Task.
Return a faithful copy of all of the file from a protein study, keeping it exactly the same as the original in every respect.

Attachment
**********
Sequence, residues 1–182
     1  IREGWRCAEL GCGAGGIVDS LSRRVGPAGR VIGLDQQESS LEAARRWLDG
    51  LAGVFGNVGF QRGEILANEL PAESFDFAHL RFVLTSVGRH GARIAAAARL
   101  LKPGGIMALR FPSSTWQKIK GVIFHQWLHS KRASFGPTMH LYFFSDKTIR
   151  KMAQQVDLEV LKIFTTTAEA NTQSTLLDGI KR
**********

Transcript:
Sequence, residues 1–182
     1  IREGWRCAEL GCGAGGIVDS LSRRVGPAGR VIGLDQQESS LEAARRWLDG
    51  LAGVFGNVGF QRGEILANEL PAESFDFAHL RFVLTSVGRH GARIAAAARL
   101  LKPGGIMALR FPSSTWQKIK GVIFHQWLHS KRASFGPTMH LYFFSDKTIR
   151  KMAQQVDLEV LKIFTTTAEA NTQSTLLDGI KR